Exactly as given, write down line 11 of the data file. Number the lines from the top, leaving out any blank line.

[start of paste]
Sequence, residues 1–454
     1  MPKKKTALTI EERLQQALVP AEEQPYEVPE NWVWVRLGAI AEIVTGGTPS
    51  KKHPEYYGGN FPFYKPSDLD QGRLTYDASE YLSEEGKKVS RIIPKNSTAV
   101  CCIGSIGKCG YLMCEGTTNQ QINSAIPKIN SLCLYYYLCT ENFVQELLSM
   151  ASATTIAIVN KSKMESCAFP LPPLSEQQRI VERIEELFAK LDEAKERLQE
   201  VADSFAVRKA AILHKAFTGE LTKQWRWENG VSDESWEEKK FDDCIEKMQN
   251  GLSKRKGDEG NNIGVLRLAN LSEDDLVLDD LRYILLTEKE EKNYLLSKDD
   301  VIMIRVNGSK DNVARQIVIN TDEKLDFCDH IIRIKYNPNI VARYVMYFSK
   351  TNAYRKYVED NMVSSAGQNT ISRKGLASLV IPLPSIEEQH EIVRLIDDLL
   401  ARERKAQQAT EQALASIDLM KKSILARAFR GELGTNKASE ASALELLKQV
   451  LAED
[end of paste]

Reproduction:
   451  LAED